In safety-critical systems involving large system uncertainties and abrupt changes in system dynamics, fast adaptation is required to achieve stringent tracking performance specifications. However, fast adaptation using high-gain learning rates can cause high frequency oscillations in the control response resulting in system instability. This paper develops an output feedback adaptive control framework for continuous-time, minimum phase multivariable dynamical systems for output stabilization and command following to address the problem of achieving fast adaptation using high-gain learning rates for systems with partial state information. The proposed framework uses a controller architecture involving a modification term in the update law that filters out the high-frequency content in the control response while preserving uniform boundedness of the system error dynamics. The approach is based on a nonminimal state-space realization that generates an expanded set of states using the filtered inputs and filtered outputs, as well as their derivatives, of the original system, and requires knowledge of only the open-loop system’s relative degree and a bound on the system’s order.
In this paper, we develop stochastic dissipativity theory for nonlinear dynamical systems using basic input-output and state properties. Specifically, a stochastic version of dissipativity using both an input-output as well as a state dissipation inequality in expectation for controlled Markov diffusion processes is presented. The results are then used to derive extended Kalman–Yakubovich–Popov conditions for characterizing necessary and sufficient conditions for stochastic dissipativity of stochastic dynamical systems using two-times continuously differentiable storage functions. In addition, feedback interconnection stability in probability results for stochastic dynamical systems are developed thereby providing a generalization of the small gain and positivity theorems to stochastic systems.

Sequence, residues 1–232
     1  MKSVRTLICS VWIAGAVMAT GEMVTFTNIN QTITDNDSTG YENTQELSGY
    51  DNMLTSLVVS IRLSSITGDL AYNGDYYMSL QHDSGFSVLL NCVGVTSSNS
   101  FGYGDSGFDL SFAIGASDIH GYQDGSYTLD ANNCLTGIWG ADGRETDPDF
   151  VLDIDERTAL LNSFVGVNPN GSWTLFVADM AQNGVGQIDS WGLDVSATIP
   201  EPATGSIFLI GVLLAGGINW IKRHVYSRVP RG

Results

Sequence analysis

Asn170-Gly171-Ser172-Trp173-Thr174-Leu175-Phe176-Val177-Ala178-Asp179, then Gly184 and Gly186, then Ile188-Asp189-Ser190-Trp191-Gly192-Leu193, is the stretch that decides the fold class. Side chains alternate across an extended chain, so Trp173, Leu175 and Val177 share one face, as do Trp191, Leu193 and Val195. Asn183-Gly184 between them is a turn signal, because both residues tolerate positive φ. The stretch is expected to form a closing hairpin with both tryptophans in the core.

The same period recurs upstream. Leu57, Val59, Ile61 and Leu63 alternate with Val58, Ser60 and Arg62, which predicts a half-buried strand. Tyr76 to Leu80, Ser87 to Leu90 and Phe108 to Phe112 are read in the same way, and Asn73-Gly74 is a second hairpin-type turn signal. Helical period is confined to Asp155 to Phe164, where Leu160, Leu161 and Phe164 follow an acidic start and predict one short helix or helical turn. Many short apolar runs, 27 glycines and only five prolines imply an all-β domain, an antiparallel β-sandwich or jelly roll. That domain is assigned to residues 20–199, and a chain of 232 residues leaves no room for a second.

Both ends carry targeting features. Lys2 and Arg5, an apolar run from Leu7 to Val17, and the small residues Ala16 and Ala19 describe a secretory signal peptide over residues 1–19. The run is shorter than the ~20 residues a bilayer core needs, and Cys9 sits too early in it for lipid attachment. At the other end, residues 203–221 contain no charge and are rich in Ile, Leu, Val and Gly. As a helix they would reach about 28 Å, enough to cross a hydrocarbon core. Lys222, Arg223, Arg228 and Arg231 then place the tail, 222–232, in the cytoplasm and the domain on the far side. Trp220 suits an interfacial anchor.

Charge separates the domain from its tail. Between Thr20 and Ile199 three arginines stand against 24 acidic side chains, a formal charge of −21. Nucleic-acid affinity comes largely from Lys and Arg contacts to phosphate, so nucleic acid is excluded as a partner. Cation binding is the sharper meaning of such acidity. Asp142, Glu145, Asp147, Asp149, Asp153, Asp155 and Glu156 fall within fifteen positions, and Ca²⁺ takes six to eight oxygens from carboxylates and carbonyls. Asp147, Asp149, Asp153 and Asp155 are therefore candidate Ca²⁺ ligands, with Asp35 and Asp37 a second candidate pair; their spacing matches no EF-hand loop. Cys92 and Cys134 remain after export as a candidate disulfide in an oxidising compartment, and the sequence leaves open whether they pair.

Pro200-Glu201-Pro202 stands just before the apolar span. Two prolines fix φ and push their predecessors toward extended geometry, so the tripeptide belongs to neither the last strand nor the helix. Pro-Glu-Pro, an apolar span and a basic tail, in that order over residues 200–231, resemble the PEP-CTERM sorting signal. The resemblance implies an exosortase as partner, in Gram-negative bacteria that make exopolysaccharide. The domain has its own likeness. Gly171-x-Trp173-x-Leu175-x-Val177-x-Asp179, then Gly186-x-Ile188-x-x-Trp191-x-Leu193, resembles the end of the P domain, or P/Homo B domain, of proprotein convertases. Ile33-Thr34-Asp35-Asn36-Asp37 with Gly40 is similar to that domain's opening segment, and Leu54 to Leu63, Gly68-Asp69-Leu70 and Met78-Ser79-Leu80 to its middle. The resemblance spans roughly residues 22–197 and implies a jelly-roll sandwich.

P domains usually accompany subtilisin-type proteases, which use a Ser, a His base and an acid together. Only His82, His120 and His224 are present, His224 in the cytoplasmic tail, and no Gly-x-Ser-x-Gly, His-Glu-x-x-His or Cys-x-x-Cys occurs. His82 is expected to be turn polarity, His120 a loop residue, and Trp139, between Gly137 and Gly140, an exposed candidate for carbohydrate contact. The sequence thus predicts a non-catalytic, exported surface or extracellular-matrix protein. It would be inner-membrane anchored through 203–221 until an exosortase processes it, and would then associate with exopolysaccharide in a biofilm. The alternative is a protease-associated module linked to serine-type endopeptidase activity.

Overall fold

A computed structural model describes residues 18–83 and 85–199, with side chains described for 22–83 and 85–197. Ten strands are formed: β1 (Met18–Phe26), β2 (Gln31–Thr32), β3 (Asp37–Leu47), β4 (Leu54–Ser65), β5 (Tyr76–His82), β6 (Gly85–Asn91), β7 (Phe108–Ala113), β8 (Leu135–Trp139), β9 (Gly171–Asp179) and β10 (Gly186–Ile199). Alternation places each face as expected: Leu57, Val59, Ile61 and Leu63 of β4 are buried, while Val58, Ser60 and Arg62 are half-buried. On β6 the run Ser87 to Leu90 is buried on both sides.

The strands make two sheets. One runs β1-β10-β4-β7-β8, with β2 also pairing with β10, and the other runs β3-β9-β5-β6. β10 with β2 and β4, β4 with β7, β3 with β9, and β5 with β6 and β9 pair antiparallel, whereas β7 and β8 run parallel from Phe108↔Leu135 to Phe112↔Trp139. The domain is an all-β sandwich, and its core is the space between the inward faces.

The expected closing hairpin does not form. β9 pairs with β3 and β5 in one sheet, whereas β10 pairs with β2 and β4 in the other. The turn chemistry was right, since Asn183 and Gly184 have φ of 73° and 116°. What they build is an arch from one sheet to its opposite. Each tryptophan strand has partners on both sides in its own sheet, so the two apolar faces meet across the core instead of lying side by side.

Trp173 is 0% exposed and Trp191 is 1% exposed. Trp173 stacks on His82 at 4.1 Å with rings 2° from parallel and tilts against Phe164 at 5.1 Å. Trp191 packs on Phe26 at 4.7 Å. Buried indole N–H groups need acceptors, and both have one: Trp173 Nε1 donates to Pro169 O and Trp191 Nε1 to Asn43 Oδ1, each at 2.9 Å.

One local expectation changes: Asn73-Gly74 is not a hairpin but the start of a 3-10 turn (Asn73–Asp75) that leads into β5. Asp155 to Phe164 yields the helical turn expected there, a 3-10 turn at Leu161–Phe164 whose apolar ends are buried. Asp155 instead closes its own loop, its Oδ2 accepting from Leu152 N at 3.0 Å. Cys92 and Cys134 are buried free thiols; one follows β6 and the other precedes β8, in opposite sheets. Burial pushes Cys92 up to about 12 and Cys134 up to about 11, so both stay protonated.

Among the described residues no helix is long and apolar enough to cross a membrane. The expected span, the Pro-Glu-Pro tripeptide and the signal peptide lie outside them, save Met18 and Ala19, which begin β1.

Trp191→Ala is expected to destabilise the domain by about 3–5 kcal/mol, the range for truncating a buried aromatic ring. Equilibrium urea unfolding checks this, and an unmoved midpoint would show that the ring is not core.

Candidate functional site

This paper develops Lyapunov and converse Lyapunov theorems for stochastic semistable nonlinear dynamical systems. Semistability is the property whereby the solutions of a stochastic dynamical system almost surely converge to (not necessarily isolated) Lyapunov stable in probability equilibrium points determined by the system initial conditions. Specifically, we provide necessary and sufficient Lyapunov conditions for stochastic semistability and show that stochastic semistability implies the existence of a continuous Lyapunov function whose infinitesimal generator decreases along the dynamical system trajectories and is such that the Lyapunov function satisfies inequalities involving the average distance to the set of equilibria.
In this paper, we develop a unified framework to address the problem of optimal nonlinear analysis and feedback control for nonlinear stochastic dynamical systems. Specifically, we provide a simplified and tutorial framework for stochastic optimal control and focus on connections between stochastic Lyapunov theory and stochastic Hamilton-Jacobi-Bellman theory. In particular, we show that asymptotic stability in probability of the closed-loop nonlinear system is guaranteed by means of a Lyapunov function which can clearly be seen to be the solution to the steady-state form of the stochastic Hamilton-Jacobi-Bellman equation, and hence, guaranteeing both stochastic stability and optimality. In addition, we develop optimal feedback controllers for affine nonlinear systems using an inverse optimality framework tailored to the stochastic stabilization problem. These results are then used to provide extensions of the nonlinear feedback controllers obtained in the literature that minimize general polynomial and multilinear performance criteria.